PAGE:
Estimation of Static Reservoir Temperature During Drilling Operations

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A reliable static formation temperature is valuable in determining casing depths, establishing geothermal gradients, analyzing logs and estimating fluid potential for geothermal reservoirs. The conventional drilling mud fluid systems associated with geothermal well drilling distort the static formation temperature near the wellbore because the circulating mud temperature is normally much less than the static formation temperature. As a result, a wellbore temperature recorded during drilling operations does not reflect the static formation condition. The use of a Horner-type temperature buildup plot, similar to the conventional pressure buildup method, has been suggested for estimating static formation temperature. The method has proven ... continued below

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136-142

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Messer, P.H. December 1, 1976.

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Description

A reliable static formation temperature is valuable in determining casing depths, establishing geothermal gradients, analyzing logs and estimating fluid potential for geothermal reservoirs. The conventional drilling mud fluid systems associated with geothermal well drilling distort the static formation temperature near the wellbore because the circulating mud temperature is normally much less than the static formation temperature. As a result, a wellbore temperature recorded during drilling operations does not reflect the static formation condition. The use of a Horner-type temperature buildup plot, similar to the conventional pressure buildup method, has been suggested for estimating static formation temperature. The method has proven satisfactory in a number of oil and gas field cases. Recently, Dowdle and Cobb investigated the conditions under which the Horner temperature plot can be used to yield representative static formation temperatures. They concluded that the method is reliable if both the wellbore temperature gradient changes very slowly and the mud circulation time is short. However, in geothermal operations, temperature gradients are usually more extreme and longer circulation times are required to cool the wellbore sufficiently for logging. Therefore, the method has proved to be less reliable. As an alternative solution, dimensionless Horner temperature type curves have been developed for determining reliable static formation temperatures under normal geothermal drilling conditions in the Imperial Valley, California. This paper discusses solutions of the basic temperature equation and their comparison with empirical data, development of empirical type curves, accuracy of the static formation temperature estimation, and two field examples of such estimation. 5 refs., 3 figs.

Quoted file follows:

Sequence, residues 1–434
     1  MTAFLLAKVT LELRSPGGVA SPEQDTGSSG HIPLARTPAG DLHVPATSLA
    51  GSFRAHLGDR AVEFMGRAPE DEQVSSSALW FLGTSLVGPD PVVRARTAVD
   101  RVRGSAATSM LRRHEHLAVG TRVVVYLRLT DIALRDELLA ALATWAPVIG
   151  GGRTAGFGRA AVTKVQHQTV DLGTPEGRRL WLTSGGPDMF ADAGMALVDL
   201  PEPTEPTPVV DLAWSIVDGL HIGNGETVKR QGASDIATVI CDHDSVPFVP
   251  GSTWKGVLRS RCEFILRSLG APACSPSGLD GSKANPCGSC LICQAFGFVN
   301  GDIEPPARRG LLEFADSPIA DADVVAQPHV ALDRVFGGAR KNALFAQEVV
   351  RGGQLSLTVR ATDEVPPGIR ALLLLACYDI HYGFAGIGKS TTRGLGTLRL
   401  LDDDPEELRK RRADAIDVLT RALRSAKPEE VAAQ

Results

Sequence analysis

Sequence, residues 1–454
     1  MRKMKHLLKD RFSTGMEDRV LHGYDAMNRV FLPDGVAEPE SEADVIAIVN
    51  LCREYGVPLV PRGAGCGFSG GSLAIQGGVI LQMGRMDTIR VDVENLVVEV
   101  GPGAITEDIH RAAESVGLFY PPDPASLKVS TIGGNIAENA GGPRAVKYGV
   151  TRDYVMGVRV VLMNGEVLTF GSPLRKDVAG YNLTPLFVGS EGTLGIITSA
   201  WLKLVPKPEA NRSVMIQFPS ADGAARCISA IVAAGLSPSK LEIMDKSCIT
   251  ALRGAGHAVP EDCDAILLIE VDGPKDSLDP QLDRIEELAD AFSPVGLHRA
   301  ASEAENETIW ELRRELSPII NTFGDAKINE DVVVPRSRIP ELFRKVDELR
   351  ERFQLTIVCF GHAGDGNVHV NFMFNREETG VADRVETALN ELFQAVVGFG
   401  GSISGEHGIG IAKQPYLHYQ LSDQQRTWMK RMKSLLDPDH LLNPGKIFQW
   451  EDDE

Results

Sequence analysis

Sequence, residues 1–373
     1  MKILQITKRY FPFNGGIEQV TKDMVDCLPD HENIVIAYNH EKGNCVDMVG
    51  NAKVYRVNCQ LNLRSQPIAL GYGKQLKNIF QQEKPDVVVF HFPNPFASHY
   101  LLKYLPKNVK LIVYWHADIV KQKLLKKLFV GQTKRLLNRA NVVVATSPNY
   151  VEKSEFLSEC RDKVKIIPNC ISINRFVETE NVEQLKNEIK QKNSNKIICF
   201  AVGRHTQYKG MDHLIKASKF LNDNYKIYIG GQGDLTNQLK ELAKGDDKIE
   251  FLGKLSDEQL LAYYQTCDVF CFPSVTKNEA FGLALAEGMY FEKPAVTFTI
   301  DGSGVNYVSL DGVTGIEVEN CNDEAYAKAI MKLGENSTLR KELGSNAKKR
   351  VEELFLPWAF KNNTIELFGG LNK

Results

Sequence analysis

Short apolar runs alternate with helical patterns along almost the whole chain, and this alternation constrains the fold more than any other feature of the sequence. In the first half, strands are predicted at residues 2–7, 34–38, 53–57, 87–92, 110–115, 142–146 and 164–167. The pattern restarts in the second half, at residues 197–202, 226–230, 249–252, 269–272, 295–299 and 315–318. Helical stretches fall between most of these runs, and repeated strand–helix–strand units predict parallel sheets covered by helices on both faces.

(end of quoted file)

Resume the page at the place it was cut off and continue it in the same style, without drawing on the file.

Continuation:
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136-142

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  • Proceedings Second Workshop Geothermal Reservoir Engineering, Stanford University, Stanford, Calif., December 1-3, 1976

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  • Report No.: SGP-TR-20-19
  • Grant Number: E043-326-PA-50
  • Office of Scientific & Technical Information Report Number: 887331
  • Archival Resource Key: ark:/67531/metadc875167

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  • December 1, 1976

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  • Sept. 21, 2016, 2:29 a.m.

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  • Nov. 28, 2016, 1:20 p.m.

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Messer, P.H. Estimation of Static Reservoir Temperature During Drilling Operations, article, December 1, 1976; United States. (digital.library.unt.edu/ark:/67531/metadc875167/: accessed August 24, 2017), University of North Texas Libraries, Digital Library, digital.library.unt.edu; crediting UNT Libraries Government Documents Department.